A federal government website managed by the U.S. Department of Health & Human Services
200 Independence Avenue, S.W. - Washington, D.C. 20201
Letter to Governors
January 21, 2010
As we continue our partnership in the fight against the 2009 HINI influenza virus, we are writing to bring your attention to a critical issue.
First, thank you for all that you and your fellow state and local leaders have done, and continue to do, to combat the spread of the 2009 HINI flu. We understand the significant demands this effort has placed on your staff and your resources. While we have faced significant challenges, we continue to make good progress in the effort to produce vaccine and distribute it across the country, and the collaboration between all levels of government continues to be strong.
Unfortunately, at a time when we most need to work together, not everyone has the best interests of the American people in mind. While the federal government has worked closely with states to ensure that enough antiviral drugs are available to those who need them, there have been reports of some retailers charging excessive fees - well over $100 in some cases - for a treatment course of these drugs. Note also that the federal government is providing 2009 HINI vaccine free of charge, so no one should be charging consumers for the vaccine itself.
Public health-sponsored clinics may not charge for vaccine administration, though private providers may charge reasonable administration fees. While most providers have worked to ensure cost is not a barrier to vaccination, we have received anecdotal reports of a few providers charging excessive fees for vaccine administration. Price gouging during a national health emergency, whether it involves antivirals, vaccine, or vaccine administration, is unconscionable, and we must do everything in our power to prevent it - now and in the future.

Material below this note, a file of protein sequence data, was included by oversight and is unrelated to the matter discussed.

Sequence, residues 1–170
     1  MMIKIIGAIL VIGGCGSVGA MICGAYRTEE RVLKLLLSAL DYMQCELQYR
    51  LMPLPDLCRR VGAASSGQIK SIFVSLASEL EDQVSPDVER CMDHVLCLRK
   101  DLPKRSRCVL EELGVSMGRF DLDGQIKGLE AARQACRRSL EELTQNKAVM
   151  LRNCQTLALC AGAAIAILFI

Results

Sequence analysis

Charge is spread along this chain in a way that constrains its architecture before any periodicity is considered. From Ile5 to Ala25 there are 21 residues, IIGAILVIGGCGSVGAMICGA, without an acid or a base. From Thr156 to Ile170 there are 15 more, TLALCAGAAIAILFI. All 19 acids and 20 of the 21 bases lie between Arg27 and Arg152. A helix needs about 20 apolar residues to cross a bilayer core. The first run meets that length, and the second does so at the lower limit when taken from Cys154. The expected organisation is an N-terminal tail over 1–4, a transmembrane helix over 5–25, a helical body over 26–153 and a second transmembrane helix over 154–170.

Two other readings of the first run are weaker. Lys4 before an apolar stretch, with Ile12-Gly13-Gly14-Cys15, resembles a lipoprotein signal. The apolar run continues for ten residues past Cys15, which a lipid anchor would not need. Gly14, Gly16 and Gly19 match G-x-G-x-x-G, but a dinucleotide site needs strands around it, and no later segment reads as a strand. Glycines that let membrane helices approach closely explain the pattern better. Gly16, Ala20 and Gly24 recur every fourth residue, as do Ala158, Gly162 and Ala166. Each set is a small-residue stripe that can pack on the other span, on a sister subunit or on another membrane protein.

With that in mind, we ask you to closely monitor any possible incidences of price gouging in your state and to use whatever authority your state's laws provide to address it. We recognize that consumer protection laws vary by state, but note that in some states even inquiries into alleged cases of price gouging have caused retailers to lower prices for antiviral drugs.
Finally, please let us know how we can be helpful in distributing information about where consumers in your state can go to report potentially unfair business practices such as these. If there's a phone number or web site in your state that consumers can use for this purpose, we would be happy to post it on www.flu.gov along with our other resources related to 2009 H1N1 flu. Please contact Kate Wolff in the Department of Health and Human Services' Office of Intergovernmental Affairs at HHSIGA@hhs.gov or 202-690-6060 with information about your state's consumer protection tools.
Thank you for your attention to this important matter. By being vigilant and working together, we can combat price gouging wherever and whenever it occurs.
Secretary, U.S. Health & Human Services
Eric H. Holder, Jr.
Attorney General, U.S. Department of Justice